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It's All In The Face

by Phyllis Pollack
May 2009

From the Blog of Phyllis G. Pollack.

Phyllis  Pollack

       We have all heard others who claim they can tell if someone is lying by “reading” that person’s face. By simply looking at her opponent’s face, the negotiator can tell if the opponent is trustworthy.
 

       Well. . . it seems that scientific research now supports this assertion. . . at least to some degree. In the March 5, 2009 edition of The Economist (in the Science and Technology section), the writer discusses research that reveals that “people’s creditworthiness. . . can be seen in their looks”  (Id. at “About Face”).  In short, appearances do count.

       Jefferson Duarte, Ph.d. of Rice University and his colleagues conducted experiments that suggested “that one of a person’s most telling moral features, his creditworthiness, can also be seen in his face.” (Id.)

       Using two internet sites, Prosper.com and Mechanical Turk, Dr. Durarte “recruited 25 Mechanical Turk workers and asked them to assess pictures of potential borrowers that had been posted on Prosper.com:”

      “In particular, they were asked to rate, on a scale of one to five, how trustworthy these people looked, and to estimate the percentage probability that each individual would repay a $100 loan. They were also asked to make several other assessments, such as the individual’s sex, race, age, attractiveness and obesity. The 25 results for each photograph were then averaged and analysed.”

      “The researchers looked at 6,821 loan applications, 733 which were successful. Their first finding was that the assessment of trustworthiness . . . did indeed correlate with [the] potential borrowers’ credit rating based on their credit history. . . .” (Id.)

       Dr. Duarte’s research also found that “shiftiness” was also revealed. That is, the 25 recruits from Mechanical Turk were pretty good at flagging as “untrustworthy” those who, in reality, were unable to obtain a loan at all or who obtained a loan but at a higher interest rate than the “trustworthy” loan applicant.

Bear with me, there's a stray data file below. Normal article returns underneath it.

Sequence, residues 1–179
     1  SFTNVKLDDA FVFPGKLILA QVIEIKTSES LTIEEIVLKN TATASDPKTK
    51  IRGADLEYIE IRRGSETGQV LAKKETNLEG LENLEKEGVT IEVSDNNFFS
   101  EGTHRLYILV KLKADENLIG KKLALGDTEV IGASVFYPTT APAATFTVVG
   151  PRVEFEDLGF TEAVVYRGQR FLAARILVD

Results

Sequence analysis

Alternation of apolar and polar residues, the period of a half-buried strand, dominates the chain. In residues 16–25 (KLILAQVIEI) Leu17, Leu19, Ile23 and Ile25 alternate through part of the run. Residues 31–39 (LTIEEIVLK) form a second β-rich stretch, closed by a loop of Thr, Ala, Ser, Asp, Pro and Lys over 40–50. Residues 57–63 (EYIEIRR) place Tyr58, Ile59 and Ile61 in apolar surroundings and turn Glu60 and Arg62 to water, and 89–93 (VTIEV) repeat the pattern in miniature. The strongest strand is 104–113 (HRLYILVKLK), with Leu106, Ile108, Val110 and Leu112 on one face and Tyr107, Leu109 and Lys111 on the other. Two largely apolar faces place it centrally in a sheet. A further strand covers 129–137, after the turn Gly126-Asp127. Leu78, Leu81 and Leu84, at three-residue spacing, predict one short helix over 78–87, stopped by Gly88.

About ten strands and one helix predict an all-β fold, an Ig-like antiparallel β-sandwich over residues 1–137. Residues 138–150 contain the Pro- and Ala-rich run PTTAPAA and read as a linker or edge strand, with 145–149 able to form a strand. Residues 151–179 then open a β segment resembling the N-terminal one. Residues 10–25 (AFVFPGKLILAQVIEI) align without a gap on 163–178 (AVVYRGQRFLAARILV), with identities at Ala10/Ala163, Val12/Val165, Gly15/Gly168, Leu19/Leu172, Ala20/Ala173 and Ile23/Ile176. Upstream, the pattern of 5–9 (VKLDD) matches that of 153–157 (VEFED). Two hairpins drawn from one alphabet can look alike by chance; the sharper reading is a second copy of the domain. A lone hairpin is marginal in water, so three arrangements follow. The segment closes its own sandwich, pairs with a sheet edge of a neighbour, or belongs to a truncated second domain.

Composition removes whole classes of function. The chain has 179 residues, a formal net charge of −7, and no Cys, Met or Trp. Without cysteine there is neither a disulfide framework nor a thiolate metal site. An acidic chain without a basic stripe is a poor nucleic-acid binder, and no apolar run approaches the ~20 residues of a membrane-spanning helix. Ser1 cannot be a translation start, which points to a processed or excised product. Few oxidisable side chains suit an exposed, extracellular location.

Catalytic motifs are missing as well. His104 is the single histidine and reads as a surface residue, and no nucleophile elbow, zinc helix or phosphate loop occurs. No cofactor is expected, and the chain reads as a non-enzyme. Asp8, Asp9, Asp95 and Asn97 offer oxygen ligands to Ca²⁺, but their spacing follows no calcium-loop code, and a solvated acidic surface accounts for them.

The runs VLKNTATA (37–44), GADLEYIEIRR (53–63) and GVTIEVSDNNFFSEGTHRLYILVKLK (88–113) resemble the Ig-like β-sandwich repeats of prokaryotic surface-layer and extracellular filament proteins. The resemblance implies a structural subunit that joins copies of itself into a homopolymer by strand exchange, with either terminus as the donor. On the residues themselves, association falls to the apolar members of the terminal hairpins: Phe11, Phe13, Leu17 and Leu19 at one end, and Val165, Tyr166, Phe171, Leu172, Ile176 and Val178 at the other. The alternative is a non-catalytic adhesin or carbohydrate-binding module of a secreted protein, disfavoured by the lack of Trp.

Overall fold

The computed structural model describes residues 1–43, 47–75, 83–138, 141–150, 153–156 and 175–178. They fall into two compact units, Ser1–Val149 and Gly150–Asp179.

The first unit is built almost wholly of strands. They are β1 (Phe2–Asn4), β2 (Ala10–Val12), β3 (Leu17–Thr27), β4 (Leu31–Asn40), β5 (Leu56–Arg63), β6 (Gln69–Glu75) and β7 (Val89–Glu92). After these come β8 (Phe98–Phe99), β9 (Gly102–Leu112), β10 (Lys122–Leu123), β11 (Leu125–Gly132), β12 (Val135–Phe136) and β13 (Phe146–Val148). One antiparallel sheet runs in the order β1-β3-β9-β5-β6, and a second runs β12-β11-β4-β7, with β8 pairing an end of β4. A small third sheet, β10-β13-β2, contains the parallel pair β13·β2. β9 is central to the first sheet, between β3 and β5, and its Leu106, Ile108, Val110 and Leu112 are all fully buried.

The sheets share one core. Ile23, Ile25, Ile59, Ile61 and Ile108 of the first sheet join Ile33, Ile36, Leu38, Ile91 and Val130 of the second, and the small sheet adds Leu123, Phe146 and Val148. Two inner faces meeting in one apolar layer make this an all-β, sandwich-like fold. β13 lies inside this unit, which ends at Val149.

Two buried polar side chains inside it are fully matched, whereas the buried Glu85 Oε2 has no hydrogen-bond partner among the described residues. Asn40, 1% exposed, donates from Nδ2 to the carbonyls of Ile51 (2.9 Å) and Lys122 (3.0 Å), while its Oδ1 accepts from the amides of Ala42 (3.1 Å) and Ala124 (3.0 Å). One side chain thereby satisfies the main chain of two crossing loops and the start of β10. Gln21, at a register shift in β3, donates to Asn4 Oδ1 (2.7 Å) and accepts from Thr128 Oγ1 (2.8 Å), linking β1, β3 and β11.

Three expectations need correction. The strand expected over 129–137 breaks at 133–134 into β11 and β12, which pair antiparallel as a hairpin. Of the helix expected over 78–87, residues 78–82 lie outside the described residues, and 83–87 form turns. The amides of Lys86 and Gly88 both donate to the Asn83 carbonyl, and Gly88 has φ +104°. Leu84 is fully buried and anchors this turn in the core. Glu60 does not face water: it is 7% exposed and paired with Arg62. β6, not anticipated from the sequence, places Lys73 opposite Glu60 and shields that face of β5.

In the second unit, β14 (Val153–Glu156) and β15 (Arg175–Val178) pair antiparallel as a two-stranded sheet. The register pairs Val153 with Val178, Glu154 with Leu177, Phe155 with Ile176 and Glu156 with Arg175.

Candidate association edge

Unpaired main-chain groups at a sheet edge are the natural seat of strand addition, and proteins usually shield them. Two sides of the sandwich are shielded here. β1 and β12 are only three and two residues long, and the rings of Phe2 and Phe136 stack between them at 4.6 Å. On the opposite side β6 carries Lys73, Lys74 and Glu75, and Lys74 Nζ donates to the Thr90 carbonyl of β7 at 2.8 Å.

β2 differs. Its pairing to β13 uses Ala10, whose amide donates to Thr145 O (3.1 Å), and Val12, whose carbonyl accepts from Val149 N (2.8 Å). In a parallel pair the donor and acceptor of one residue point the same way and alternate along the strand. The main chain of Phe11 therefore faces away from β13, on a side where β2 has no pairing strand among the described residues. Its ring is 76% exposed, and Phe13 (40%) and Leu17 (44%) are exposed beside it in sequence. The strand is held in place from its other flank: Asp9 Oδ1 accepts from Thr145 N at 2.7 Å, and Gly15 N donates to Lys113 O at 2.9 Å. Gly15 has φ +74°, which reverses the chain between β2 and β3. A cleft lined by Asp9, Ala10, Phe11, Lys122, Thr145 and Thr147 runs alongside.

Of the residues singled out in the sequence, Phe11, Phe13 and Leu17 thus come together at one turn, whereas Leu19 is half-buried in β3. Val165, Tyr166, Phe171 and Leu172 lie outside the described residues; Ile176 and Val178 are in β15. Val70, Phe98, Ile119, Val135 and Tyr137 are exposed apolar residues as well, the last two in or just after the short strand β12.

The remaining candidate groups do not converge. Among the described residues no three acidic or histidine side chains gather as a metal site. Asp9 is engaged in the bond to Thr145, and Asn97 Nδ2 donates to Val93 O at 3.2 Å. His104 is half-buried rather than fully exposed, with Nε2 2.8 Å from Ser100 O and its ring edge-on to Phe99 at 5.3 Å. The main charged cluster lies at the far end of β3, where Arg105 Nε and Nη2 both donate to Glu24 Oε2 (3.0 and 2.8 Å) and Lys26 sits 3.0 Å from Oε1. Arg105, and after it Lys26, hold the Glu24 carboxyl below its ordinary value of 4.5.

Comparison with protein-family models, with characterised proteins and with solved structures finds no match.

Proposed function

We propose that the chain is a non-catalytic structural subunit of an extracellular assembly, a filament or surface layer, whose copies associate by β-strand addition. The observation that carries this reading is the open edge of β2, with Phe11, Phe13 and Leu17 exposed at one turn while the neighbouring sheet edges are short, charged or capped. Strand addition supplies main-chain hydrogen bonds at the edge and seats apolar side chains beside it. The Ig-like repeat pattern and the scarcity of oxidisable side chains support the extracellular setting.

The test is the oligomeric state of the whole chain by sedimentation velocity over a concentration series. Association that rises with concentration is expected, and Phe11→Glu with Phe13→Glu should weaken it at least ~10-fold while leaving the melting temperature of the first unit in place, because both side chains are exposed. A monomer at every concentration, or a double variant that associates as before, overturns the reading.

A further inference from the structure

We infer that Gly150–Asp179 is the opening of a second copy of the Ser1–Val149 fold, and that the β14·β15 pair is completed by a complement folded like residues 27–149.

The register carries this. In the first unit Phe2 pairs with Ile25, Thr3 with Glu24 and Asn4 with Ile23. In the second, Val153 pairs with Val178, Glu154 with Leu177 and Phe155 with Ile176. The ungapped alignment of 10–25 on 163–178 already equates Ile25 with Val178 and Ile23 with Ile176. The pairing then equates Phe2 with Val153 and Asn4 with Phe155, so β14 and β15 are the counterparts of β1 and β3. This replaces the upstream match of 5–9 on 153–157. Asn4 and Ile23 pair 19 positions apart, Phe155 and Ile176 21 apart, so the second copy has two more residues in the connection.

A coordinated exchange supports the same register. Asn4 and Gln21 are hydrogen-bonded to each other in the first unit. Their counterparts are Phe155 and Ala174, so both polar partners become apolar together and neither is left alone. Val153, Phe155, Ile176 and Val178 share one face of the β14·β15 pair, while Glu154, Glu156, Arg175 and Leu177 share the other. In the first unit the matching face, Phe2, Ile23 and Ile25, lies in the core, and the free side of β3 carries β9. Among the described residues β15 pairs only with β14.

While this research centers on credit trustworthiness, it also indicates that a person’s face reveals a lot. And indeed, I have posted other blogs (e.g., The Eyes Have It (10/14/08); Pride: Something To Think About (7/10/07)) discussing the revelation of body language and what a person’s eyes will tell you. So, I take this research as just further confirmation that one cannot simply listen to words being said but must also “read” the person’s face and body language. The latter will often contradict and belie the former. In truth, people reveal much more through non-verbal communication than through verbal communication. (Indeed, according to psychologist Albert Mehrabian, more than fifty (50%) percent of the total meaning of a spoken word comes through facial expressions and other non-verbal communication.)

       So. . . don’t be fooled or blinded by the “words”; read the whole “package” including the face.

       . . .Just something to think about.

Biography


Phyllis Pollack with PGP Mediation uses a facilitative, interest-based approach. Her preferred mediation style is facilitative in the belief that the best and most durable resolutions are those achieved by the parties themselves. The parties generally know the business issues and priorities, personalities and obstacles to a successful resolution as well as their own needs better than any mediator or arbitrator. She does not impose her views or make decisions for the parties. Rather, Phyllis assists the parties in creating options that meet the needs and desires of both sides.  When appropriate, visual aids are used in preparing discussions and illustrating possible solutions. On the other hand, she is not averse to being proactive and offering a generous dose of reality, particularly when the process may have stalled due to unrealistic expectations of attorney or client, a failure to focus on needs rather than demands, or when one or more parties need to be reminded of the potential consequences of their failure to reach an agreement.



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